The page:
The meeting is being seen as a significant step towards thawing bilateral relations between the neighbours
India and Pakistan will hold the annual meeting of the Permanent Indus Commission in the national capital starting tomorrow. The two-day annual meeting on the sharing of river water between the two countries – governed by the 1960 Indus Water Treaty – is taking place after a gap of over two years. This comes a month after India and Pakistan released a rare joint-statement on maintaining peace along the Line of Control – the de-facto border – and other sectors.
Per the treaty, officials of the two countries meet at least once annually. The last such meeting had taken place in August 2018. In 2019, the meeting had been cancelled over the Pulwama terror attack in which over 40 Indian soldiers had died in the line of duty. Last year, it could not take place as India wanted a virtual meeting because of the coronavirus pandemic, while Pakistan insisted on a physical meeting at the Attari-Wagah border.
The meeting is being seen as a significant step towards thawing bilateral relations between the neighbours, which have been effectively snapped following the Pulwama terror attack and a resultant aerial dogfight after decades.
This is the first meeting of the Indus Commission after the Central government revoked Jammu and Kashmir’s special status in 2019. It had also bifurcated the former state into two Union territories – Jammu and Kashmir and Ladakh. Pakistan had objected to the move. New Delhi had called the decisions India’s internal matter.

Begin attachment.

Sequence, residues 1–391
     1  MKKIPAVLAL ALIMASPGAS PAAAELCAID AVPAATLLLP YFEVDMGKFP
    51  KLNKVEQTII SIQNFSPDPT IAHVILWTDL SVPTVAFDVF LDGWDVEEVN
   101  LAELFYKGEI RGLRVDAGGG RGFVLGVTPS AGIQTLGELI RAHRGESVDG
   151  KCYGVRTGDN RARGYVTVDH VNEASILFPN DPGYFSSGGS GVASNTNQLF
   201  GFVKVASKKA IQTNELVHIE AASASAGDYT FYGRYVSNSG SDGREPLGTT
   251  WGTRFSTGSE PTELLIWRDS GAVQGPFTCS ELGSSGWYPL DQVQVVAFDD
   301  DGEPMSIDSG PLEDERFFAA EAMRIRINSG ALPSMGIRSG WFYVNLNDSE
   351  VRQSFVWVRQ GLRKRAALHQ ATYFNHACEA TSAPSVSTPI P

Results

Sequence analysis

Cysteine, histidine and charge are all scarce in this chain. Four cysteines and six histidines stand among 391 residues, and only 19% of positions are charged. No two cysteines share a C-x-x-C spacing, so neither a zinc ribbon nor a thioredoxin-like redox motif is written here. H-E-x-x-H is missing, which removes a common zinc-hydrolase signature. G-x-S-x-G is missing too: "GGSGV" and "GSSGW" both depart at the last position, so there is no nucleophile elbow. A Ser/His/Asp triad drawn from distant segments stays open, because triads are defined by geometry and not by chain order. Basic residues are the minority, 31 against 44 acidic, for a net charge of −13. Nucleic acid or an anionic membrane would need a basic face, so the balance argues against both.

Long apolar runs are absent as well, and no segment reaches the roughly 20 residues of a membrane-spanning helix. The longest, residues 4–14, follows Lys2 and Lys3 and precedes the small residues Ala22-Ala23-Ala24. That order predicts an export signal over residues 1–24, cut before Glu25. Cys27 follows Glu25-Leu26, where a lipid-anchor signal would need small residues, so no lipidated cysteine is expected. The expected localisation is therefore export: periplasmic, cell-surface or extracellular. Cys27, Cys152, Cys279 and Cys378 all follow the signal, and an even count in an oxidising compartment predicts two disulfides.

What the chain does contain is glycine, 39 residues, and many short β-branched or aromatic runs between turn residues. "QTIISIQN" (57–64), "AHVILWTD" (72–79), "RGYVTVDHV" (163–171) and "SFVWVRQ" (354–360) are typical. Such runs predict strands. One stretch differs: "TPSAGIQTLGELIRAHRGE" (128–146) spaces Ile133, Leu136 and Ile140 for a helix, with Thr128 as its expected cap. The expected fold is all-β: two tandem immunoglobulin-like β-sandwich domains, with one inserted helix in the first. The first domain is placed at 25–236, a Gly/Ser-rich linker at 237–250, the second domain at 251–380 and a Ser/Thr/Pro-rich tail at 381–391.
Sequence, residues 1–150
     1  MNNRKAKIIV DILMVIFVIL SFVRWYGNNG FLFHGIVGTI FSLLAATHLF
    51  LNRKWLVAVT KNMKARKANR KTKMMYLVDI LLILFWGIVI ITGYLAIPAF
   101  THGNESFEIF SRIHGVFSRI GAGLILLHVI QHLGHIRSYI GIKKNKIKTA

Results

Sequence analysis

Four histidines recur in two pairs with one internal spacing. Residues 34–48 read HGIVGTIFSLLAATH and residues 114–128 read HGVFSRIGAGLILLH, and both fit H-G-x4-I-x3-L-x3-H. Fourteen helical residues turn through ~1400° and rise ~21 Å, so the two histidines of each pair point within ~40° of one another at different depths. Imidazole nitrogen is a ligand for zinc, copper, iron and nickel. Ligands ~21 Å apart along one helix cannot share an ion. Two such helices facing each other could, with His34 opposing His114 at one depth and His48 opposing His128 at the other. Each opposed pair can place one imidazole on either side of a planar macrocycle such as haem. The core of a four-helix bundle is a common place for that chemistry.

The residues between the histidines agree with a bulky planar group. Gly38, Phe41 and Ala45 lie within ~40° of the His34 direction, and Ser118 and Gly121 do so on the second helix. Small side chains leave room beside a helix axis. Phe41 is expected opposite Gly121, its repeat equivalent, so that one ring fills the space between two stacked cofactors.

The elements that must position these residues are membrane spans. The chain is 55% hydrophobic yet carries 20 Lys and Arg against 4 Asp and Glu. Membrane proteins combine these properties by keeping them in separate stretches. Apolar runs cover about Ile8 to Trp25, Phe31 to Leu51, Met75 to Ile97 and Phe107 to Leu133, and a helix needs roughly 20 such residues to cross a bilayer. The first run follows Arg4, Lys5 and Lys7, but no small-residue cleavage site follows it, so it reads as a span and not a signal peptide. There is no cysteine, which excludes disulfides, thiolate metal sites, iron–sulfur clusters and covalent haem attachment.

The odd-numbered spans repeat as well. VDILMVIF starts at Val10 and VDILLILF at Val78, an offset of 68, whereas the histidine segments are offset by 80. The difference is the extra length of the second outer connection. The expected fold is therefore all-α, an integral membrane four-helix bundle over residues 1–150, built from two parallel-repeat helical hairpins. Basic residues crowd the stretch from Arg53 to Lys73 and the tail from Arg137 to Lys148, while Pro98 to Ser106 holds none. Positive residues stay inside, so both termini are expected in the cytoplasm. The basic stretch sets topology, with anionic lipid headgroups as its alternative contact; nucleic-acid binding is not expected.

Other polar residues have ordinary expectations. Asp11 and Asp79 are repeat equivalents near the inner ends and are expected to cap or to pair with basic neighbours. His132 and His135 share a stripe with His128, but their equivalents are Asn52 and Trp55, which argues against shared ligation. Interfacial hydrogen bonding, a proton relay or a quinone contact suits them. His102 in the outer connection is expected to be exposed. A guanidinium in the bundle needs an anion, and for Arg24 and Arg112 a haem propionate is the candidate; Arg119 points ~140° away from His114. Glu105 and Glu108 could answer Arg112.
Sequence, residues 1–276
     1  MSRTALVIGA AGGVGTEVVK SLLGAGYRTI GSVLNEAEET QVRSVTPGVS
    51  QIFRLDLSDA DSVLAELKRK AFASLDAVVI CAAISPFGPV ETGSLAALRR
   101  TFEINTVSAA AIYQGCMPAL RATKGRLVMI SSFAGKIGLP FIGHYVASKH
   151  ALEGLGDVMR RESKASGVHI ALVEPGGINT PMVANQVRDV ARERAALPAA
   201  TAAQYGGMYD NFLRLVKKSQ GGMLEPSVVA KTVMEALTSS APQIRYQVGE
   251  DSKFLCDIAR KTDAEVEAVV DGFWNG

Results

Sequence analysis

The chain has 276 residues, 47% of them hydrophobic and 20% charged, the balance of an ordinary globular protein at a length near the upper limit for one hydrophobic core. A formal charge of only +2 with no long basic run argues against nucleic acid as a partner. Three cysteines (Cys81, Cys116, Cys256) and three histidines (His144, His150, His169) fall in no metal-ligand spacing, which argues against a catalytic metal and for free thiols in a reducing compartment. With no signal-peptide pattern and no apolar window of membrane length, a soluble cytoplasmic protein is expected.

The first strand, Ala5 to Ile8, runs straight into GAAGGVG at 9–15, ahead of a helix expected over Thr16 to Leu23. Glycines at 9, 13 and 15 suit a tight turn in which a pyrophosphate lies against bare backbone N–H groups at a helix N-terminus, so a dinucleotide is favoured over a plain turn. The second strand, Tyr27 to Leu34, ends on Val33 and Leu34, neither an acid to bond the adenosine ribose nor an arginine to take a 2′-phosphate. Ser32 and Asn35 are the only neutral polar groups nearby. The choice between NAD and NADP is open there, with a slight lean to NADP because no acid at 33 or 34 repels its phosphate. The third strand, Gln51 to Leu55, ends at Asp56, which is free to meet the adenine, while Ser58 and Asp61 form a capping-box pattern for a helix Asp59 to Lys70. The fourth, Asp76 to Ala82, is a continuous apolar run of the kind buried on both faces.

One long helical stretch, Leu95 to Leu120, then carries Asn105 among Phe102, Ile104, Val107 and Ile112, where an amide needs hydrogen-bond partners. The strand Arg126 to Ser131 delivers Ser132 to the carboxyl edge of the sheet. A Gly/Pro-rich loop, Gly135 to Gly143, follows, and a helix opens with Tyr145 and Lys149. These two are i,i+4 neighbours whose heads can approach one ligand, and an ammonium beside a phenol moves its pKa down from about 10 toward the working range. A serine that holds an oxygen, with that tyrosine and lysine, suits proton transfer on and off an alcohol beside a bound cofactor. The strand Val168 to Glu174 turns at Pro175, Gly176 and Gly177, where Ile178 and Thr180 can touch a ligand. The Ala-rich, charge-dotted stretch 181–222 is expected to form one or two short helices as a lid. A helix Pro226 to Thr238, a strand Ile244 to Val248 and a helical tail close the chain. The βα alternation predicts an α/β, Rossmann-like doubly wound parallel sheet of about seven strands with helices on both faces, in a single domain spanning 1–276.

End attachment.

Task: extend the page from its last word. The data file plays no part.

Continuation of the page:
India’s planned hydropower projects in Ladakh are among the several outstanding issues expected to be discussed at the meeting. Pakistan has raised objections against the projects.
India’s delegation will be led by PK Saxena, who will be joined by his advisors from the Central Water Commission, the Central Electricity Authority and the National Hydroelectric Power Corporation.
The Pakistan delegation will be led by Indus Commissioner Syed Muhammad Meher Ali Shah.
Ahead of the meeting, Mr Saxena said, “India is committed towards full utilisation of its rights under the Treaty and believes in amicable solution of issues through discussion.”
In February this year, the Director Generals of Military Operations (DGMOs) of the two countries spoke to each other over phone and reviewed the situation along the LoC and other sectors.
“Both sides agreed for strict observance of all agreements, understandings and cease firing along the Line of Control and all other sectors with effect from midnight of February 24/25,” the joint statement said.
With inputs from PTI